How do we determine #D# and #L# terms, and how do they relate to absolute configuration?

Answer 1

#"D"# and #"L"# are archaic terms, and do not relate to absolute molecular geometry.

#"Dextrorotation"# and #"levorotation"# are terms that describe the experimental result. Rotation of plane-polarized light to the left or the right. This result has no necessary relationship with the chirality of a particular structure: i.e. a left-handed isomer may rotate clockwise, and a right-handed isomer may rotate counterclockwise.
We know that the #D# and #L# forms are optically active, and further, we know the direction of the optical rotation, but we do not know the absolute chirality. This notation was extensively used for sugars. Ordinary sugar, the stuff you put in your tea or sprinkle on your weet-bix, has several chiral centres, but it rotates plane-polarized light to the right as it approaches the observer, and so is #"dextrorotatory"#.
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Answer 2

for D or L form 1st of all draw the Standard Fischer projection of the molecule.

Standard Fischer projection is that which have its principle chain on the vertical line and the principle group at the top.
for making the same,

  • remember, you can do only EVEN NUMBER of changes at a #color(red) (PARTICULAR# chiral center , otherwise the molecule will optically
    changes.

    now, in the Fischer, look the configuration at bottommost chiral carbon. If H is in left, than it is D form, but if in right than it is L form.

    For R and S , 1st of all asign number(1,2,3,4) to the groups attached to chiral center according to the 'CIP rule' which says that
    number of a group #prop# 1/(molecular mass of the first atom

    attached to the chiral center)

    *if two groups are attached to the chiral centre with similar atom (here shown 'C' at 2,3 )than compare the mass of the atom next to them.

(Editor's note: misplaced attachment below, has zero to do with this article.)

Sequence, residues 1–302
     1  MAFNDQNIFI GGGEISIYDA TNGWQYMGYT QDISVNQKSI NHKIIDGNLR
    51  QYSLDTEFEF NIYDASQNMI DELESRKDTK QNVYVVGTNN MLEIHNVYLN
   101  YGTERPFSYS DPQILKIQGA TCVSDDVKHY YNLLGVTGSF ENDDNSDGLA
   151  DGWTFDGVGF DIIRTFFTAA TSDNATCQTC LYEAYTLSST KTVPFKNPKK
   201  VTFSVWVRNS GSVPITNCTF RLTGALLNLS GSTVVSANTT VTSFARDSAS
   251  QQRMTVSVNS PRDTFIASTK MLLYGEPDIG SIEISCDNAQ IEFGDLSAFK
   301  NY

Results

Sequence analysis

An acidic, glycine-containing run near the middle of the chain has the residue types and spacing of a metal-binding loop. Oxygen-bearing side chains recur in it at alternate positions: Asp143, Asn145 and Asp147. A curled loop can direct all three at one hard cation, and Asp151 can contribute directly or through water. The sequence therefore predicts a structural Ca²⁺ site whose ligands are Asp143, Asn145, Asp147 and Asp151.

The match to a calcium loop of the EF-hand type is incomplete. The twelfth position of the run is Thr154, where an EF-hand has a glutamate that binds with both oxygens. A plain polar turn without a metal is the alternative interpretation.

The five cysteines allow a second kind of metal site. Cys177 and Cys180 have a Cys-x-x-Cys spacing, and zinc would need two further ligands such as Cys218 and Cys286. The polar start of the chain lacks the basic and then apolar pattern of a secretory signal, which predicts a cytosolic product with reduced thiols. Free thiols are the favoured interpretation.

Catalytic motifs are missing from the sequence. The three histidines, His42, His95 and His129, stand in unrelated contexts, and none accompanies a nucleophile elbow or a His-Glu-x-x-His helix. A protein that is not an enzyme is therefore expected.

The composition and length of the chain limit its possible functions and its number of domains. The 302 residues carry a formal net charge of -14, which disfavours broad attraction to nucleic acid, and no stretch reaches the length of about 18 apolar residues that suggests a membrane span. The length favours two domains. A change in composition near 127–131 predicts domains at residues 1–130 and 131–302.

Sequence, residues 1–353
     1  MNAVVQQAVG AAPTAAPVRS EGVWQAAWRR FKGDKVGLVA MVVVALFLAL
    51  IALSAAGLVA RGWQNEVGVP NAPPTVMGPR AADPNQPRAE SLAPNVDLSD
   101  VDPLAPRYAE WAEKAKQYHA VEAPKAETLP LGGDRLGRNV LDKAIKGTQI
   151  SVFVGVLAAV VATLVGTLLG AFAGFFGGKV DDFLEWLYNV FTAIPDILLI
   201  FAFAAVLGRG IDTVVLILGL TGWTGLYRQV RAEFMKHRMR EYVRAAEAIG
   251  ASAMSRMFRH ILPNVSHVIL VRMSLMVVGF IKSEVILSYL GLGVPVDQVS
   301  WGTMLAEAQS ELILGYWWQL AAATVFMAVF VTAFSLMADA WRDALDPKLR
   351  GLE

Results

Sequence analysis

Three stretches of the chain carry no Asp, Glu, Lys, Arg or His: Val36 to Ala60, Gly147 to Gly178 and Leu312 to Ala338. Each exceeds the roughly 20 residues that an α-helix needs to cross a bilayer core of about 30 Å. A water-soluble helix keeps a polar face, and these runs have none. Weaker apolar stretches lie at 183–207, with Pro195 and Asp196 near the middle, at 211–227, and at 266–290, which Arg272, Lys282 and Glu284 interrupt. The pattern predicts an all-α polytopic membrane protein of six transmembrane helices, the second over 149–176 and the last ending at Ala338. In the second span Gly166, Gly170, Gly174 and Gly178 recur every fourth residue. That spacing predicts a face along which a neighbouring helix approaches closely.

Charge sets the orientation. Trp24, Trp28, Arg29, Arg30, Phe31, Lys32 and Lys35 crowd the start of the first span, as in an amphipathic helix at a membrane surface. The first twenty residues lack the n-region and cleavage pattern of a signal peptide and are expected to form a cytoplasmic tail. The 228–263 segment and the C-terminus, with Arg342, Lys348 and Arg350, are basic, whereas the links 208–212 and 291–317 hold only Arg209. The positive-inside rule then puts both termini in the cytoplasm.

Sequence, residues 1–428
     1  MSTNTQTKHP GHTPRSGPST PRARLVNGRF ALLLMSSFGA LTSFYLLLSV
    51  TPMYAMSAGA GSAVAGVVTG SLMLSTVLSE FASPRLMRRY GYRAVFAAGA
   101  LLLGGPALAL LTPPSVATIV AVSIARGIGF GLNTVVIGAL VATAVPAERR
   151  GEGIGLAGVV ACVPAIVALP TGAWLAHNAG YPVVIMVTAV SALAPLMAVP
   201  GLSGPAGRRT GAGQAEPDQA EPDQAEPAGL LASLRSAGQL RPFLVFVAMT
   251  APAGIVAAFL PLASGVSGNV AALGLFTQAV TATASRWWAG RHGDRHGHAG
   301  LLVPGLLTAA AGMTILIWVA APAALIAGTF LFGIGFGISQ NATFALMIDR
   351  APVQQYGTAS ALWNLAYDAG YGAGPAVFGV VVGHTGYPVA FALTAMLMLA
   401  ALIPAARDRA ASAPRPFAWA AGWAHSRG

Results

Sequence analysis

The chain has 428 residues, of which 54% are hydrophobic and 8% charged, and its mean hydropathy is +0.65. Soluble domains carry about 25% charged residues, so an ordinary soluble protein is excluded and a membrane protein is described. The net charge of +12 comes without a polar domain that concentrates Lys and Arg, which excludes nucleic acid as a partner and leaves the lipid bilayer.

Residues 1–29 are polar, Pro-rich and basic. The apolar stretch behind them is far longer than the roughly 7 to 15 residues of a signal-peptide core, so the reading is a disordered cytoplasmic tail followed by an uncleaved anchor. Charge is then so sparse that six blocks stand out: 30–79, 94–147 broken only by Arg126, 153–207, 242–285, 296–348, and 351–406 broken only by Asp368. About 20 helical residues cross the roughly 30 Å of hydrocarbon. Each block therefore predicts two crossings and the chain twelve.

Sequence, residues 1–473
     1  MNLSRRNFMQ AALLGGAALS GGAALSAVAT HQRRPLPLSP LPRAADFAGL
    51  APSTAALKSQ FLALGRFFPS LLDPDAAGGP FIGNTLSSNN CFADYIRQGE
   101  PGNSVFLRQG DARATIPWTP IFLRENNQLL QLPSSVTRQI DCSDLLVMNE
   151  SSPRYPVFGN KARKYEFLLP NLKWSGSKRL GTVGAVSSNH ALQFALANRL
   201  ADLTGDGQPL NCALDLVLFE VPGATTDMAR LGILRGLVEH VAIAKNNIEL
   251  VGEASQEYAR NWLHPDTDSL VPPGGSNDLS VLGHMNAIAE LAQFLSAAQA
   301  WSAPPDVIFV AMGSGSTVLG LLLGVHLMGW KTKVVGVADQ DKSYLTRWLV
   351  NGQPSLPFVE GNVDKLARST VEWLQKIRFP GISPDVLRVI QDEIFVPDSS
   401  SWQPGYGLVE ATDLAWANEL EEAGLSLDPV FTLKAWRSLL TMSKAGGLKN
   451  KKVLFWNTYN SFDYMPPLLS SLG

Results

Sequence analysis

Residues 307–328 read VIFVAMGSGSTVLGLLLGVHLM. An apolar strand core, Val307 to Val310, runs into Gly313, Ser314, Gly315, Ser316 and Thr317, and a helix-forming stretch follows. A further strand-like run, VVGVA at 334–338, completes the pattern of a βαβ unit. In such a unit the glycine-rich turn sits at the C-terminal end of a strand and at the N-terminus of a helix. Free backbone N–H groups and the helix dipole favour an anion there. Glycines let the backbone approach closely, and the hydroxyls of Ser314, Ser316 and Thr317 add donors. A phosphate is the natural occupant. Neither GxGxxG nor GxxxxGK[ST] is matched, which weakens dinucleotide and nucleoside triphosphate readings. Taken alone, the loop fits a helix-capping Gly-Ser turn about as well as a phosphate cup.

Now, after numbering, check that the lowest number is farthest from you which can be done by putting it on the 'dash'( in dash wedge configuration) or on vertical line(in fischer projection) but remember
    you can do only EVEN NUMBER of changes at a #color(red) (PARTICULAR# chiral center , otherwise the molecule will optically changes. use the following mnemonics:

    now, considering whole as planar, WALK from #1rarr2rarr3#, if you follow clockwise path than it is R, but if anticlockwise than S. (use the mnemonics)
    ( i.e. the way you move your hand when write R and S)

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Answer 3

The D and L terms are determined based on the configuration of the highest numbered chiral carbon in a molecule. The designation is made by comparing the molecule to the chiral reference compounds, D-glyceraldehyde and L-glyceraldehyde. If the hydroxyl group on the highest numbered chiral carbon is on the right in a Fischer projection, the molecule is designated as D. If it's on the left, the molecule is designated as L. These terms relate to absolute configuration by indicating the spatial arrangement of atoms around the chiral carbon in the molecule.

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Answer from HIX Tutor

When evaluating a one-sided limit, you need to be careful when a quantity is approaching zero since its sign is different depending on which way it is approaching zero from. Let us look at some examples.

When evaluating a one-sided limit, you need to be careful when a quantity is approaching zero since its sign is different depending on which way it is approaching zero from. Let us look at some examples.

When evaluating a one-sided limit, you need to be careful when a quantity is approaching zero since its sign is different depending on which way it is approaching zero from. Let us look at some examples.

When evaluating a one-sided limit, you need to be careful when a quantity is approaching zero since its sign is different depending on which way it is approaching zero from. Let us look at some examples.

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